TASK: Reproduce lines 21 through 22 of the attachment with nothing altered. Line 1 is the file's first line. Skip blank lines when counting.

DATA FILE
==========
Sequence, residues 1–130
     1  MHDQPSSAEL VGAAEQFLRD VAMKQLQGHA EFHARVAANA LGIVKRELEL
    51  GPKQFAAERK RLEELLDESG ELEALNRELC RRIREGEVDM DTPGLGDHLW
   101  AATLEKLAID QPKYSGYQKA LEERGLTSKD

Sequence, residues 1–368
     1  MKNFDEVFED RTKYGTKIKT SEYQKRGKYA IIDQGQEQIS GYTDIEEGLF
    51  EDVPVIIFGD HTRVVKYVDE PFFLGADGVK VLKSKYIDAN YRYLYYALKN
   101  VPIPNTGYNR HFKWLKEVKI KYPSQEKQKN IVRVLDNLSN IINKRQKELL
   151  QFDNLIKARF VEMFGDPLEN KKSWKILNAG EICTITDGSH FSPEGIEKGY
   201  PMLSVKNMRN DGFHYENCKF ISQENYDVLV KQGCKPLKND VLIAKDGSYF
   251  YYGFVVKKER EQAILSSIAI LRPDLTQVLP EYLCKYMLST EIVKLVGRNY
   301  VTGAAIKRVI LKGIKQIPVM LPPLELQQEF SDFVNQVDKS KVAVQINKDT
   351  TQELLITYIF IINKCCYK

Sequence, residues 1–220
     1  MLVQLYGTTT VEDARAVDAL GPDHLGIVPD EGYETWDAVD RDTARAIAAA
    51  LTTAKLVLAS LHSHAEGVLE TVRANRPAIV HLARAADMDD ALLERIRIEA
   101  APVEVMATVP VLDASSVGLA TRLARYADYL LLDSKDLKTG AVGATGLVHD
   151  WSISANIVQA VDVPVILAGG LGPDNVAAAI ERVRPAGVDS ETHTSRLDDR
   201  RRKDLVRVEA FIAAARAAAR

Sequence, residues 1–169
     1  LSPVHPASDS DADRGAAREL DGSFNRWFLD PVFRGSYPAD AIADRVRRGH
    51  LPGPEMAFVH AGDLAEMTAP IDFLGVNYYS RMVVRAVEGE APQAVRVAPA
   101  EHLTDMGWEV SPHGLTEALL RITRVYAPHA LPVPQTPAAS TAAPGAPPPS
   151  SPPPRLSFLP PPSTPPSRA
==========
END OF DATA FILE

     1  LSPVHPASDS DADRGAAREL DGSFNRWFLD PVFRGSYPAD AIADRVRRGH
    51  LPGPEMAFVH AGDLAEMTAP IDFLGVNYYS RMVVRAVEGE APQAVRVAPA